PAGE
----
France bans unlimited sugary drinks

I want to share a good news story from France. Forward this to your friends and let’s start a similar conversation in Australia.

Excerpt from the The Telegraph UK on 27 January 2017. Read the full article here by Henry Samuel.

France enforces ban on unlimited fizzy drinks in crackdown on obesity

Restaurants in France face prosecution starting today if they offer unlimited soda drinks to customers in the latest Gallic crackdown on obesity.

France had already slapped a tax on sweet drinks in 2012. Now, a new decree makes it illegal to sell unlimited amounts of drinks with sugar or sweetener at a fixed price or for free.

Published in the government’s Journal Official website on Thursday and in force since Friday, the ban applies to all soft drinks or soda “fountains” in areas open to the public, including restaurants, fast food-chains, schools and holiday camps.

Out of bounds are unlimited “flavoured fizzy and non-fizzy drinks, concentrated drinks like fruit syrups, drinks based on water, milk, cereal, vegetables or fruit”, but also “sports and energy drinks, fruit nectar, vegetable nectar and similar products”.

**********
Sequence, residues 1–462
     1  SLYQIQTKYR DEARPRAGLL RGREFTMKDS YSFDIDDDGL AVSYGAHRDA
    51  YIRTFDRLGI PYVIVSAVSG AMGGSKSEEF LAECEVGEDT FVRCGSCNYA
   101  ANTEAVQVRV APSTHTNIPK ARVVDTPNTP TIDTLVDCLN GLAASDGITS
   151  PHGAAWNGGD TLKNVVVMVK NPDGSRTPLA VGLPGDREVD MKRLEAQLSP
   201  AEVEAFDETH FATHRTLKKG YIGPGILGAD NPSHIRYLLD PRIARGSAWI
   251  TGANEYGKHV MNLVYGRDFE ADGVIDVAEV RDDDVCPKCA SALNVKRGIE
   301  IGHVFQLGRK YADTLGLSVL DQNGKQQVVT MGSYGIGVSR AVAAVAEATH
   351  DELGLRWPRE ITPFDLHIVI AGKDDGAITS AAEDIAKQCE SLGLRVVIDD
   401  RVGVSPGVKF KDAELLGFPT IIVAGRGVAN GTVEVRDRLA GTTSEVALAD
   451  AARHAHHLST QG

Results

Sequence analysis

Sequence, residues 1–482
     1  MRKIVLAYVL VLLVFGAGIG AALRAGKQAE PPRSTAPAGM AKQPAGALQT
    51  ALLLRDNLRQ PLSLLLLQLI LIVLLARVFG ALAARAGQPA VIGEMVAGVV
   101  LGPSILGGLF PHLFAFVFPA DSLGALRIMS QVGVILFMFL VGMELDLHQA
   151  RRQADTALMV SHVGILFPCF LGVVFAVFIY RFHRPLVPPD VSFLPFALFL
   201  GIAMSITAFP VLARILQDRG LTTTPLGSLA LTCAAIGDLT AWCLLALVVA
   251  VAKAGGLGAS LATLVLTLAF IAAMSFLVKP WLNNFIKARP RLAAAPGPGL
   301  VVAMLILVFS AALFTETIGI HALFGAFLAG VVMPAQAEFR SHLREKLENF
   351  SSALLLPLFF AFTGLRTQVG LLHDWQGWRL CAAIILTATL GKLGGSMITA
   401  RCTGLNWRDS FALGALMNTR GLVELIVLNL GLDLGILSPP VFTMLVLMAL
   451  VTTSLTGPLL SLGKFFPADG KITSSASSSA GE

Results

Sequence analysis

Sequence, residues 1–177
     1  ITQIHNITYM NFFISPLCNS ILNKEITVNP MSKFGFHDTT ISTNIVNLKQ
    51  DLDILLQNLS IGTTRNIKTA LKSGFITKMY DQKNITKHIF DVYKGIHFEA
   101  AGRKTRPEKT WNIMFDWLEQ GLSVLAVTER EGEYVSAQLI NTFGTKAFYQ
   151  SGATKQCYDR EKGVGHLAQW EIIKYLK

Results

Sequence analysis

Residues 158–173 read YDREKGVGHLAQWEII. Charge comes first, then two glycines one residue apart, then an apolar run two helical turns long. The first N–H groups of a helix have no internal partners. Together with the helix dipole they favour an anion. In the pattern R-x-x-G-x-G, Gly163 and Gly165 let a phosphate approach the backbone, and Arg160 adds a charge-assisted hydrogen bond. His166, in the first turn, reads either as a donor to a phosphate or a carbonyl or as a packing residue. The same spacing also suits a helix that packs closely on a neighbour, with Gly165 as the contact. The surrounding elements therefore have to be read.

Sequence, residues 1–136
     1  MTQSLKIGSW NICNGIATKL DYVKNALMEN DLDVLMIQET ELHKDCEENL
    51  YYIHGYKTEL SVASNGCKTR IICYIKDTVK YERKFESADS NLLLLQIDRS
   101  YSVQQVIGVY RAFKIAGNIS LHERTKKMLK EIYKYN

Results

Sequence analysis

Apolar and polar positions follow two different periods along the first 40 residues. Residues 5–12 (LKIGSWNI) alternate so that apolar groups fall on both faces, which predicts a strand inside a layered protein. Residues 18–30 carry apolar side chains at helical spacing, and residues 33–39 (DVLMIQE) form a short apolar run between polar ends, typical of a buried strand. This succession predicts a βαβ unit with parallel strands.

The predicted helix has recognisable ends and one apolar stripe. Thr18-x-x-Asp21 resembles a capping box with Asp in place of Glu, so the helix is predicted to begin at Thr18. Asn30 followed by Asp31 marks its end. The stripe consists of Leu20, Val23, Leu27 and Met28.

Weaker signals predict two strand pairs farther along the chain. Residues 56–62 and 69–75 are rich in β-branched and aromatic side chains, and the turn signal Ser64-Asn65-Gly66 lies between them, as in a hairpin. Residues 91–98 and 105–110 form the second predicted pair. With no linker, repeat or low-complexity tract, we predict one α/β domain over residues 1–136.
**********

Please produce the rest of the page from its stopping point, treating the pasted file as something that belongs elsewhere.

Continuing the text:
Home improvement chain IKEA had already removed drink fountains from its 33 centres around France, but other vendors, including French fast food chain Quick, waited until the day itself to change their drink fountain set-up.

Five Guys, a newcomer in France, opted to add microchips to cups so when customers try and get a refill from its fountains, they automatically switch off.

Parliament approved the ban in April 2015 and enshrined it in a health law in January 2016 as part of drive to reduce obesity.

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